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University of Iowa News Release

June 19, 2006

UI Biologist Wins $1.1 Million NIH Grant To Study Red Tide

What triggers the onset of "red tide" -- the ecologically and financially costly biological phenomenon that periodically kills millions of fish and shellfish along the U.S. Atlantic and Gulf coasts?

A University of Iowa biologist and faculty member of the Roy J. Carver Center for Comparative Genomics hopes to answer that question using a $1,101,821, three-year grant from the National Institutes of Health (NIH) to study red tide. Debashish Bhattacharya, principal investigator, associate professor of biological sciences in the UI College of Liberal Arts and Sciences and director of the UI Interdisciplinary Program in Genetics, plans to use a genomic approach to solve the mystery.

"The idea is to develop an understanding of the genome and gene expression of a marine plankton called Alexandrium tamarense during its life cycle so that we can identify candidate genes involved in the formation of harmful algal blooms and saxitoxon production," he says. "Ultimately the gene expression information will be used to develop on-board monitoring tools during ocean cruises in the North Atlantic and elsewhere to predict the onset of red tides."

Bhattacharya, who is an adjunct scientist at Woods Hole and will spend his summers in Cape Cod to lead and coordinate the research, says that very little is known about the factors that influence the formation of red tide, its recent spread to new areas, and the genes involved in its production of toxins. What is known is that Alexandrium causes harmful algal blooms and paralytic shellfish poisoning by producing saxitoxins.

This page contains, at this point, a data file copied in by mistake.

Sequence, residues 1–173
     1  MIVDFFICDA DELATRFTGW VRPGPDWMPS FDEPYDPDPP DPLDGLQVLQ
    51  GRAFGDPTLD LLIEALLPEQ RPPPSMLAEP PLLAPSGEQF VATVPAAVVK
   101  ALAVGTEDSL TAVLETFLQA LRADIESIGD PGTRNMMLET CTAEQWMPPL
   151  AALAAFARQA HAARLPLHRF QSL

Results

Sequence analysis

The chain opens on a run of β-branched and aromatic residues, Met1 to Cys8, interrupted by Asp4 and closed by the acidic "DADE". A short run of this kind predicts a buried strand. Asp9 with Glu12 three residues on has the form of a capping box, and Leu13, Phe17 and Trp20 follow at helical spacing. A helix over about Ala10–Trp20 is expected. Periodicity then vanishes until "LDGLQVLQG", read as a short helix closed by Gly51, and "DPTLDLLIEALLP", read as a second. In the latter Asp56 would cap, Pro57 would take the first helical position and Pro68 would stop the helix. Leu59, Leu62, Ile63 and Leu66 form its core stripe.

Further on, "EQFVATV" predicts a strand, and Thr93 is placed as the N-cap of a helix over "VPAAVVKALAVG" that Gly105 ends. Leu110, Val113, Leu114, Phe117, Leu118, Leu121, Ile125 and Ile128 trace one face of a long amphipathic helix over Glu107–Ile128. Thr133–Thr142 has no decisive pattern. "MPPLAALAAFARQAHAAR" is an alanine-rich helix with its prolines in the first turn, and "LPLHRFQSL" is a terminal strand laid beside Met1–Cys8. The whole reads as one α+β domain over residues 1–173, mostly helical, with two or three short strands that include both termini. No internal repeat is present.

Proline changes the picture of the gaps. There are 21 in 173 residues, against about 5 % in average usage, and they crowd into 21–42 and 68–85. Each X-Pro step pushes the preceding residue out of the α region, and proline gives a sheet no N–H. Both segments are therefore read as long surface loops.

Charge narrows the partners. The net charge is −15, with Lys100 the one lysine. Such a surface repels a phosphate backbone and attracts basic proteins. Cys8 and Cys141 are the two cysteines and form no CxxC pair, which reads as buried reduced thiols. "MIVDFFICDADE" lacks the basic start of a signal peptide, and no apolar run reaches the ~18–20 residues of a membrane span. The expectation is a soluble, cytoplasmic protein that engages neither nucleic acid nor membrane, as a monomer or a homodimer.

He notes that marine plankton, referred to as dinoflagellates, are one of the most economically important single-celled organisms because the toxic red tides they cause result in massive fish and shellfish destruction. "Our work is to lay the foundation for understanding the basic biology of these species," says Bhattacharya, who previously received a $790,000 NSF and U.S. Department of Agriculture grant to generate a genomic database for Alexandrium.

"Our specific aims are to use a highly efficient gene discovery strategy to generate a comprehensive expressed sequence tag for Alexandrium. Analysis of the different sequences in the Alexandrium unigene set will also reveal key aspects of dinoflagellate nuclear gene origin and genome evolution," he says.

The collaborative project, funded through the NIH's National Institute of Environmental Health Sciences, includes co-principal investigators Marcelo Bento Soares of Northwestern University's Children's Memorial Research Center, Chicago, Ill., and Donald Anderson of The Woods Hole Oceanographic Institution, Woods Hole, Mass. Soares' lab is responsible for the critical normalized and subtracted expressed sequence tag library production and sequencing, while Anderson is responsible for the culturing of Alexandrium and providing key insights into its ecology, physiology and patterns of gene expression.

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